Leknes is a town situated in the geographical middle of the Lofoten archipelago on the island of Vestvagoya. The Lofoten Islands were voted by National Geographic as one of the most appealing destinations in the world.
Upon our arrival at Leknes, we went ashore via the tender boat service.
Crossing under the narrow sound between Lilleeid and Napp, continued along Flakstad Bay and arrived at the charming little red Flakstad Church. Flakstad Kirke was first built in 1430 but destroyed and rebuilt in Russian timber in 1700s, its unique because of its Russian architecture motif.
Arrived at Sund’s Fisheries Museum with an extensive collection of objects from the past. The museum was originally established in 1964 by Petra and Hans Gjertsen as their own private collection and now owned and run by blacksmith Tor-Vegard Morkved.
We continued to Nusfjord, one of Norway’s oldest and best preserved fishing village and a UNESCO World Heritage Site. It was one of the three places selected for the European Architectural Heritage Year in 1975 and now operated as an open-air museum. The heritage listed buildings and historical settings have retained their original character.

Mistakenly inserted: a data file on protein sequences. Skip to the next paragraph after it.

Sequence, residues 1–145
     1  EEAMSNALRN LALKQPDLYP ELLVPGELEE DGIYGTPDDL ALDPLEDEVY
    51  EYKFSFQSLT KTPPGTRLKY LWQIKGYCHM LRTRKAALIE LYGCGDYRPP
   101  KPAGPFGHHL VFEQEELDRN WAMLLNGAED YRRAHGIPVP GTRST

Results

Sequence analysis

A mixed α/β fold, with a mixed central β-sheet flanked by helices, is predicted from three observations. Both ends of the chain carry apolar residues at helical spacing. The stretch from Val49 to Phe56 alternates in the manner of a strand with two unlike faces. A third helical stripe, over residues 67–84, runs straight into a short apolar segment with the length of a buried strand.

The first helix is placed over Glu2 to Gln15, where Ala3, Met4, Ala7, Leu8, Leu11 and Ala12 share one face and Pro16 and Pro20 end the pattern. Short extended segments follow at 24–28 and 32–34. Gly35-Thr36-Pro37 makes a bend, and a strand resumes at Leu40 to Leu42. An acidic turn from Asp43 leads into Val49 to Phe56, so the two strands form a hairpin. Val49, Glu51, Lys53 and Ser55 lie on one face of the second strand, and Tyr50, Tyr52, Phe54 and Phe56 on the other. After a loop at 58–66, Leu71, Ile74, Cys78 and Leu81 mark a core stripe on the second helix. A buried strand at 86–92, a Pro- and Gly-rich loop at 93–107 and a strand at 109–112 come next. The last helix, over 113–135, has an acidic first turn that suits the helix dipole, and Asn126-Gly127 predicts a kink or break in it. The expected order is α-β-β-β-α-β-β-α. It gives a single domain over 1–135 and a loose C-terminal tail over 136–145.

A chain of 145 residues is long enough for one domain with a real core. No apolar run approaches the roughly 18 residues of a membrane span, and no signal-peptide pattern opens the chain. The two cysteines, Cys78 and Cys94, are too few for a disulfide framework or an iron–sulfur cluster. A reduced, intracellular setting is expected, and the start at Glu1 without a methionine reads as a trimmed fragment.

Nusfjord was originally the property of the royal crown but was sold in two parts to the Dahl family in 1823 and 1843 who developed the site into a leading fishing village.
It was windy and cold so we took a break in the Karoline Restaurant which belonged to the Dahl family in Nusfjord.
Nusfjord is a cultural gem rich in history, tranquil and peaceful. It represents over two centuries of fish harvesting and fish export.